Most UK businesses will have to raise wages while simultaneously reign in their expenditure in order to recruit and appear attractive in the market. Yet such efforts could go to waste: EU talent may rather work in one of the remaining 27 EU member states that still offer frictionless – and free – mobility.
At least recruiters and migrants can breathe a sigh of relief that the government dropped the £65 fee to register through the EU Settlement Scheme, which EEA residents can apply for up until 2021.
Even in the event of a no-deal, EU nationals can continue to enter, work and live in the UK up until 2021 under ‘European Temporary Leave to Remain’ status. However, once this status expires, residents on this status will be subjected to the skills-based immigration plan, meaning many will be required to leave the country if they fall short of the visa requirements.
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To overcome such glaring shortfalls, employers can urge the government to list vacancies on the UK Shortage Occupation List since this allows migrant to enjoy an, albeit small, visa discount.
Brexit presents a golden opportunity to end exploitative migrant labour – and this is what the government intends. Yet immediately axing reliance on so-called “low skilled” and lower salaried labour would be disastrous to most UK businesses.
In a bid to ease into the new plan, the Immigration White Paper proposes a 12-month Temporary Work Visa will be available to fill shortages up until 2025. Unlike Tier 2 Work Visas, employees under this scheme will not require sponsorship from an employer.
However, the scheme is restrictive and unappealing at best. Applicants would only be eligible to work in the UK for 12 months during which they cannot bring any family members, switch visa routes or seek permanent settlement.
After a year, migrants must then leave the UK and cannot return for 12 months. While the requirements suit short-term and seasonal workers, for most businesses that rely on stable, reliable and skilled workers, the scheme falls short – not to mention constantly retraining and recruiting staff is a costly affair.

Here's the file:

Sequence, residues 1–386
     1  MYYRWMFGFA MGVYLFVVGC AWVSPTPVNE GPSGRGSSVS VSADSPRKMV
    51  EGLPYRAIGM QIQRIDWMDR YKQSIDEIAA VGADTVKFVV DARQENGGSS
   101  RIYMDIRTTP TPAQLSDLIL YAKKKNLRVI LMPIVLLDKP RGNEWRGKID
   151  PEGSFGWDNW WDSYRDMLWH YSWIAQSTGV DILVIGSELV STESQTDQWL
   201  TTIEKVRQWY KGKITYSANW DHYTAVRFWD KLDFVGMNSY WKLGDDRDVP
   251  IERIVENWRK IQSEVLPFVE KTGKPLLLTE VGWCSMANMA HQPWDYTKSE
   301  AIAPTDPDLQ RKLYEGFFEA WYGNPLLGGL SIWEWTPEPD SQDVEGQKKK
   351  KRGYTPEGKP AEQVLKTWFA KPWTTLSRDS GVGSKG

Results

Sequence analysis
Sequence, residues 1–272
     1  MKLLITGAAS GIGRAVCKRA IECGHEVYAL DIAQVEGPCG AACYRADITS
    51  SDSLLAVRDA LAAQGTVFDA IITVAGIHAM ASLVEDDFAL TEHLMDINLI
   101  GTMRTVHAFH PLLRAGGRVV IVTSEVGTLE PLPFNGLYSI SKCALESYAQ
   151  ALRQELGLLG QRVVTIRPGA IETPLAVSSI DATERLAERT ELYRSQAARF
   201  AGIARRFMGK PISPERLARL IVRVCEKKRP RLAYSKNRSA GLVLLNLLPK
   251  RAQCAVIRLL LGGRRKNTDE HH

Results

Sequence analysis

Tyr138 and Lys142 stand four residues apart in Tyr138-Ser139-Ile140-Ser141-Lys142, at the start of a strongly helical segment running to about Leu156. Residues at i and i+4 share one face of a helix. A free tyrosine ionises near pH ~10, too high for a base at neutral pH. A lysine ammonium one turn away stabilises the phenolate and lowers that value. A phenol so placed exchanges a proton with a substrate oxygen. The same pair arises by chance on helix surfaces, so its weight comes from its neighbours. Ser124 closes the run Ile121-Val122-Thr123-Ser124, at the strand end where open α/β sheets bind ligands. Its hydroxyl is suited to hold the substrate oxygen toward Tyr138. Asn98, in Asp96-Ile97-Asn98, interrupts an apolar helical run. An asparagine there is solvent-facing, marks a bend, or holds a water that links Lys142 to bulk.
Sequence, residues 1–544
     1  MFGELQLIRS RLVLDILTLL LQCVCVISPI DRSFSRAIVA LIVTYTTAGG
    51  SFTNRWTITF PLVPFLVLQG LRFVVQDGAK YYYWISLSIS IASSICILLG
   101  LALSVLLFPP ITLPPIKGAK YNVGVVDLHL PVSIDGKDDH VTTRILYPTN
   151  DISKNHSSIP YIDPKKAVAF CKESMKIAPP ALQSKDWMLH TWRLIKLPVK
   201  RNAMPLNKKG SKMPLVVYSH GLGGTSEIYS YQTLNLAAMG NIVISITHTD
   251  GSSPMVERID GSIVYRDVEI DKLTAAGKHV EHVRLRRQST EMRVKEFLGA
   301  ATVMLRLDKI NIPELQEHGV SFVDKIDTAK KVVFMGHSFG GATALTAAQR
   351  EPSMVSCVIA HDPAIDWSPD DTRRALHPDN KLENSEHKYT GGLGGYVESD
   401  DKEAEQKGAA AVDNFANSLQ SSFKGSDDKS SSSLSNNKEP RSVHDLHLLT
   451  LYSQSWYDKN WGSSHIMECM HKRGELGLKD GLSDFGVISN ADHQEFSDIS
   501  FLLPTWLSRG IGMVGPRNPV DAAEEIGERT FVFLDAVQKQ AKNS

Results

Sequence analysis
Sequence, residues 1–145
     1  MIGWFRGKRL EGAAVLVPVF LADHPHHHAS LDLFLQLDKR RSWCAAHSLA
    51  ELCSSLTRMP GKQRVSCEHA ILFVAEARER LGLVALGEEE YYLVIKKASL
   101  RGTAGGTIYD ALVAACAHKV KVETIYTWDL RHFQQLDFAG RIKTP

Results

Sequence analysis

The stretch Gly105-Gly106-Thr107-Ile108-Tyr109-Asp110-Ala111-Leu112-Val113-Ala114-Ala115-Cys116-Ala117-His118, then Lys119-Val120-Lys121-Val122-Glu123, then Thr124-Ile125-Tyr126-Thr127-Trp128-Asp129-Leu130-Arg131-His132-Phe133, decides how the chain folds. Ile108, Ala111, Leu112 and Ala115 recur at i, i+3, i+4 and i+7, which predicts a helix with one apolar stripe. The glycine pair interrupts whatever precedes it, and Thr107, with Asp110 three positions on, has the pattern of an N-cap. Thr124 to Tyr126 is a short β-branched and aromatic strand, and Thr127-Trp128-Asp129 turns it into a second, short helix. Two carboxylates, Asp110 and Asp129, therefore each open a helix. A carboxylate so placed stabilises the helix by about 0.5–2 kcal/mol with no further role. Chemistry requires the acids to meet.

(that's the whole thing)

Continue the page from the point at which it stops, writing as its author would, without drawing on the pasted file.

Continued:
Immediately axing reliance on so-called “low skilled” and lower salaried labour would be disastrous to most UK businesses.”
Even former Conservative MP and leave voter, George Eustice, recently voiced his disapproval of the post-Brexit immigration plan, claiming that the UK risks opening up vacancy shortages in key aspects of the economy.
Evidently, the replacement of free movement is exorbitantly expensive for both EU staff and UK employers. Critics have long argued the fees are disproportionate for migrants; not only do they contribute more in net terms every year than the average British citizen but the fees are largely unnecessary.
The Home Office profits enormously from each application: processing just one ILR application costs the government only £243 to process – raking in a profit of £2,146.
The Royal British Legion is petitioning to have the fees axed altogether for commonwealth members of the military since costs have plunged many ex-soldiers into destitution and even homelessness.
Yet immigration fees and nationality charges continue to rise: the latest update was only last week on 7 March.
Irrespective of how the UK plans on leaving the EU, if the fees aren’t revised and the post-Brexit plan reassessed, the UK could see a reduction in migration which will ultimately have a negative knock-on effect to the wider UK economy and job security.
Such moves will most likely result in higher taxes for British citizens and growing vacancy shortages and skills gaps in workforces.